ASK THE EDD LAWYER- DO I HAVE TO PAY THE FRANCHISE TAX BOARD A MINIMUM TAX EACH YEAR FOR MY CORPORATION OR LLC IF IT IS NOT DOING BUSINESS?
By Robert S. Schriebman
California requires a minimum franchise tax payment of $800 per year regardless of whether or not your corporation or LLC is active or dormant. If this amount is not paid timely, the business entity will be assessed tax, penalties and accruing interest until the amount is paid in full. The Franchise Tax Board may also notify the Secretary of State to suspend the corporation or LLC from doing business in California if these taxes, penalties and interest are not timely paid. A suspended corporation cannot conduct business. It cannot sign contracts and it cannot engage in litigation. The corporation or LLC may be reinstated by the payment of back taxes, penalties and interest and by the filing of delinquent annual returns. If the corporation is in the middle of litigation, a formal Certificate of Revivor is required in order to prosecute or defend the litigation. These rules apply to corporations and LLCs with equal force.
Recently, the California State Board of Equalization (SBE) issued an important decision in Margate Properties LLC, filed on April 17, 2014.
In Margate Properties LLC, a limited liability company (LLC) that failed to timely file its California LLC returns and pay its minimum tax was liable for late filing and payment penalties even though the LLC had no assets, it never did any business, it had no income, it never opened a bank account, and the LLC’s attorney never advised the members that it was necessary to file state tax forms. The members were siblings who had inherited a house from their deceased father and, upon the advice of their attorney, had set up the LLC when they thought that they would rent the house out. However, after they fixed up the property and during the same tax year that the LLC was formed, the siblings decided to sell the home rather than rent it out and they advised the attorney to stop further legal services in relation to the LLC.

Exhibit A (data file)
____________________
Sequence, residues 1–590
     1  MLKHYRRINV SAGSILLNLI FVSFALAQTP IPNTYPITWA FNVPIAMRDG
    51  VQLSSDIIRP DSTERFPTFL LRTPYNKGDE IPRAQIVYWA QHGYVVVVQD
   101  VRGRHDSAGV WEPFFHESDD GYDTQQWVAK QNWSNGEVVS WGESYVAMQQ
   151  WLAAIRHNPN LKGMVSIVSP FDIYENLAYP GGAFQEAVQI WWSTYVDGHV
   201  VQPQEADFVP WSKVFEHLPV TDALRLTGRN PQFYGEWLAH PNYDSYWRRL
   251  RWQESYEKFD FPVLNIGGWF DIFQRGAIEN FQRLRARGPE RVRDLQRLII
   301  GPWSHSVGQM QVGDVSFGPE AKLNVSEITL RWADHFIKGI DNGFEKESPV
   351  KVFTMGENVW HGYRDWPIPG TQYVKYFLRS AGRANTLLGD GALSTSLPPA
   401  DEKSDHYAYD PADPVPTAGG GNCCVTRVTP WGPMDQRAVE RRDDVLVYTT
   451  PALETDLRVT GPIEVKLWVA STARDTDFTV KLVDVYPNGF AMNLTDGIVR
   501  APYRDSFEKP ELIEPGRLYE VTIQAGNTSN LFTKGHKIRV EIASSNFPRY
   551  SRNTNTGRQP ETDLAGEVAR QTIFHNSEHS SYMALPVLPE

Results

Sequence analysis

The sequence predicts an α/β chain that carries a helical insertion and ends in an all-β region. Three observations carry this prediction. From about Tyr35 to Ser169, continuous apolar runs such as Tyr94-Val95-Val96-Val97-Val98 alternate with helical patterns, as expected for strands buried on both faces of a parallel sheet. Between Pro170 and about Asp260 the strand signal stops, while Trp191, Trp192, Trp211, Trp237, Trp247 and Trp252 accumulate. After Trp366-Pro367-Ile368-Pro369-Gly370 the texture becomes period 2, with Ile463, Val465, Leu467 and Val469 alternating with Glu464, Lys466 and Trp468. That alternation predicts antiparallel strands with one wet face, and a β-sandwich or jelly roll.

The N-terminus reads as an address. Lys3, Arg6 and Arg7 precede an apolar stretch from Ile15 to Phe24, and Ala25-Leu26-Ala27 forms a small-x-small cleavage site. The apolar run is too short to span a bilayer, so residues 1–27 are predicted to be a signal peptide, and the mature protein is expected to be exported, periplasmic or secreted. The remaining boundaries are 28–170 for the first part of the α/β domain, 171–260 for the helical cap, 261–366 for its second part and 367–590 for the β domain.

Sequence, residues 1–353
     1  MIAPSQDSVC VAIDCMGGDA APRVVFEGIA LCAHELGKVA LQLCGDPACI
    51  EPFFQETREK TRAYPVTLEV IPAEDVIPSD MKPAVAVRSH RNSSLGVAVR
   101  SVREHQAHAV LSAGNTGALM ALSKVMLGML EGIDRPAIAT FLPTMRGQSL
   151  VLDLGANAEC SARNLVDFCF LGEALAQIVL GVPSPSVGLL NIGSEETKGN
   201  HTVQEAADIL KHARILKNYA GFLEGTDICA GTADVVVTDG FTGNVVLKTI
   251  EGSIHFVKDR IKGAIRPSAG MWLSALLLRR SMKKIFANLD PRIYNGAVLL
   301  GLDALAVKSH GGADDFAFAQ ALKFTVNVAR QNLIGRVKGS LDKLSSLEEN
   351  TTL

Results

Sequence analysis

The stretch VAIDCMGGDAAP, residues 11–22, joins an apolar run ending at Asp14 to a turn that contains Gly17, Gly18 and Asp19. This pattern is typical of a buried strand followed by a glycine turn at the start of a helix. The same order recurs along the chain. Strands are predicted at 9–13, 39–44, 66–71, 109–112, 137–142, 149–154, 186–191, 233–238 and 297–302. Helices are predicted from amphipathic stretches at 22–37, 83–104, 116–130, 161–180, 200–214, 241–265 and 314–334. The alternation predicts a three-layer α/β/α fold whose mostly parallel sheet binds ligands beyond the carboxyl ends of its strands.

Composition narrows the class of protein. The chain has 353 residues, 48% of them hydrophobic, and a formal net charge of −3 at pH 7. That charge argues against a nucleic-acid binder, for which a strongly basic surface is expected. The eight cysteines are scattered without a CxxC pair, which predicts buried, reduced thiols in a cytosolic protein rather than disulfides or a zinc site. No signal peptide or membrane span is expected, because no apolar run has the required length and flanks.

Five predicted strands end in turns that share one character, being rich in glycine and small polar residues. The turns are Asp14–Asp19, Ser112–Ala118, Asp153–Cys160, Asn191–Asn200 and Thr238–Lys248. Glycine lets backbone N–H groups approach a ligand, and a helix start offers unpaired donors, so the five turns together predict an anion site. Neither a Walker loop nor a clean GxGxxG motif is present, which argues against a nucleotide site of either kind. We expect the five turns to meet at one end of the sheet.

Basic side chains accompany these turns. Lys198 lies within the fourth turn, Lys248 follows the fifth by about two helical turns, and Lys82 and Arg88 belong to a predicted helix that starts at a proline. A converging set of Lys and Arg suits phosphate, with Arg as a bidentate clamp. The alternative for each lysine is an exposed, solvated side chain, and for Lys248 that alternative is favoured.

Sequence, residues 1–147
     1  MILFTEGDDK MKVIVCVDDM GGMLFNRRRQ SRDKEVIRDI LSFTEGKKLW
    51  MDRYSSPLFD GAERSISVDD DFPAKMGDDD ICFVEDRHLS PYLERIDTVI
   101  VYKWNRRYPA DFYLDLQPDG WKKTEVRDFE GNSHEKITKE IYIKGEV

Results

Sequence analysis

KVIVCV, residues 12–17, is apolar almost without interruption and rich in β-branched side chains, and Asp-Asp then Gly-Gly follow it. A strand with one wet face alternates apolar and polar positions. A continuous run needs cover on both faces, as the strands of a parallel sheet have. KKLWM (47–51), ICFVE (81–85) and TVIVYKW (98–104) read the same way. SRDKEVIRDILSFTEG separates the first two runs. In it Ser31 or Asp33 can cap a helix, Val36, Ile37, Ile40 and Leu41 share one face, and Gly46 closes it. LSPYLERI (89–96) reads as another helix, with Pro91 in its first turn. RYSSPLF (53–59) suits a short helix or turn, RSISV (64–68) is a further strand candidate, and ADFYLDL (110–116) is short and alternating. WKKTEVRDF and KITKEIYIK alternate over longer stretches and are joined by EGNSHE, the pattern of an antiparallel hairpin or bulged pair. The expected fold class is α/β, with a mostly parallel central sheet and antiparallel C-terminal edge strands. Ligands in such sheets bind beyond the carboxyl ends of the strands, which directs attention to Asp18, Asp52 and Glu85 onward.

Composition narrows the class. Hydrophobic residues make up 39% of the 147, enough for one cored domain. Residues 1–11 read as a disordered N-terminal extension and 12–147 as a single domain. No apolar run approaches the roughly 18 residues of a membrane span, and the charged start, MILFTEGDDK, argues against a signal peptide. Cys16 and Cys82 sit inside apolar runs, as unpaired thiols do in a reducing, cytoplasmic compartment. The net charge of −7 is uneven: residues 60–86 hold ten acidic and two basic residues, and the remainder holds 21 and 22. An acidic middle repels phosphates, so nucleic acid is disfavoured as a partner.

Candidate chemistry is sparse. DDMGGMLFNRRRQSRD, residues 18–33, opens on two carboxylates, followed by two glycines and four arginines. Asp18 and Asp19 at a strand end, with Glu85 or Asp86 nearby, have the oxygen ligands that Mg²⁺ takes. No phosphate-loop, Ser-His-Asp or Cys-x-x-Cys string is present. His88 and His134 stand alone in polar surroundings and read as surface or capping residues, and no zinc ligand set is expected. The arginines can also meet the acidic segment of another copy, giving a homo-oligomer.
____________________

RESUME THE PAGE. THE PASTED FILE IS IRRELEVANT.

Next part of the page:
The siblings had no previous experience with LLCs and were unaware that they were required to file state LLC returns. They learned of this requirement after the LLC was officially dissolved. Upon learning of the requirement, they filed the delinquent returns and paid the minimum taxes. However, the LLC was assessed delinquency penalties and interest. They brought their case before the SBE to argue that the penalties should be abated for reasonable cause as they relied upon the advice of their attorney.
The SBE refused to throw out the penalties and the accruing interest. The SBE held that the siblings’ ignorance of their filing requirement as well as their reliance on their attorney to inform them of their filing obligations did not constitute reasonable cause. The filing and minimum tax requirements for LLCs is clear and unambiguous and there was no need to rely upon an attorney for professional for substantive clarification of the law.
An EDD lawyer, Robert Schriebman has a successful practice in the Rolling Hills Estates area of Los Angeles County serving clients throughout California and the United States.
As a trusted EDD attorney, has successfully dedicated more than 30 years to helping individual taxpayers, business owners, CPAs, Enrolled Agents, and tax attorneys navigate the complicated tax systems of the federal and state governments.
Robert Schriebman has written over 20 books including the major manual used nationally by practitioners and the IRS, “IRS Tax Collection Procedures – A Manual for Practitioners” published by Commerce Clearing House and the only 2 books ever published dealing with how California Employment Development Department (EDD) operates. See “California Tax Collection Practice and Procedures” and “California Taxation Practice and Procedure,” both published by Commerce Clearing House.